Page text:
According to an investigation of outcomes and prognostic factors for second allogeneic hematopoietic stem cell transplantation (alloHSCT) in patients with myelodysplastic syndrome (MDS) who experienced relapse after first alloHSCT, early relapse and poor performance may correlate with inferior 5-year overall survival (OS). Results from the study were published in the British Journal of Haematology.

The Japanese Data Center for Haematopoietic Cell Transplantation contains data from 3419 patients with MDS who underwent first alloHSCT between January 1990 and December 2015. Of these patients, 630 developed disease recurrence, and 99 of these patients underwent potentially curative second alloHSCT. Data from these 99 patients were included in this study.

Median patient age was 53 years (interquartile range [IQR], 45-59), and 57.6% of patients were male. The 5-year OS was 25.3%. The authors suggested that this poor 5-year OS might be due to the high cumulative incidence of relapse in this cohort (43.5%) or nonrelapse mortality (34.5%).

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Early relapse was associated with inferior 5-year OS, with an adjusted hazard ratio (HR) of 2.78 (95% CI, 1.08-7.21; P =.035). Poor performance status was also associated with inferior 5-year OS, with an adjusted HR of 3.03 (95% CI, 1.71-5.37; P <.001).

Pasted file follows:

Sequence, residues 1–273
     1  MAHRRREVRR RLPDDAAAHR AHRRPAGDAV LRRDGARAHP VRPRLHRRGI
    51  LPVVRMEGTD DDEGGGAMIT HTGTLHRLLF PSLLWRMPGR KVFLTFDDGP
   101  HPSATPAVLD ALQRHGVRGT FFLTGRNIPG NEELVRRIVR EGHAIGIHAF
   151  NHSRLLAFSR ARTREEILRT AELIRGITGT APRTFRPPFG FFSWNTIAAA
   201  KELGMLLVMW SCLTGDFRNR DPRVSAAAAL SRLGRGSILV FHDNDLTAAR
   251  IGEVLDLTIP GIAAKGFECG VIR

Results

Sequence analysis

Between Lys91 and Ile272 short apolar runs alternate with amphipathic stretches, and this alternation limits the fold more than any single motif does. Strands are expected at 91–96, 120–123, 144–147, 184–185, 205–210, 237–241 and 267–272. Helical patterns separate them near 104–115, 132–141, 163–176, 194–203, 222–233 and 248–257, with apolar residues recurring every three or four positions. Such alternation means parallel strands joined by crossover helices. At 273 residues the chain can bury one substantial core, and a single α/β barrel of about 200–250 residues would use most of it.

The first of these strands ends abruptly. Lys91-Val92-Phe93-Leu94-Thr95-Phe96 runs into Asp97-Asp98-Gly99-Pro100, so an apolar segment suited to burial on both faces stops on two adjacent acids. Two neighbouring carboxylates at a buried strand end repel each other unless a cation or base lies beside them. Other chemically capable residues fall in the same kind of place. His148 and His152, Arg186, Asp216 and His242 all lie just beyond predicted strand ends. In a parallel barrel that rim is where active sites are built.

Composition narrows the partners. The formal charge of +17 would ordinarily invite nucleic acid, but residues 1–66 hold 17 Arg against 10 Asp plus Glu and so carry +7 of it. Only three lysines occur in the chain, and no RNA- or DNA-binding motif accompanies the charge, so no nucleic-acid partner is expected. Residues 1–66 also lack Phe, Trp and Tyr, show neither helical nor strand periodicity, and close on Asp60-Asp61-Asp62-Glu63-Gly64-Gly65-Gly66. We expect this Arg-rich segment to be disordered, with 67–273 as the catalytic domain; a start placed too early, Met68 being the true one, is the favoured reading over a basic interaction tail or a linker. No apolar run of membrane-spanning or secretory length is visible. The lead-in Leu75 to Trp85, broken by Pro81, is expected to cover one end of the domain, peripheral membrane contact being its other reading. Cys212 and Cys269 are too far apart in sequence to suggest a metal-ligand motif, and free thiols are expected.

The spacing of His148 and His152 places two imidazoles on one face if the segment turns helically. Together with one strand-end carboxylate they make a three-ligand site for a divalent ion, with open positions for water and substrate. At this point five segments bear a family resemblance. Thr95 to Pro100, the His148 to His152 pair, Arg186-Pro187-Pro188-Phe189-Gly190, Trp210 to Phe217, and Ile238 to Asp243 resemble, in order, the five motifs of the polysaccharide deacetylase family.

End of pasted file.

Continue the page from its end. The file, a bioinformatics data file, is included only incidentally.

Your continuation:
One limitation of this study was that the authors could not access the genetic data of these patients, as certain genetic elements are strong prognostic markers in patients with MDS.

 “Although patients who received second alloHSCT had an unsatisfactory survival, we believe that appropriate candidate selection can improve survival rates,” the authors concluded.

Reference

  1. Shimomura Y, Hara M, Tachibana T, et al. Outcomes of second allogeneic haematopoietic stem cell transplantation in patients with relapse of myelodysplastic syndrome [published online April 2, 2019]. Br J Haematol. doi:10.1111/bjh.15898

This article originally appeared on Hematology Advisor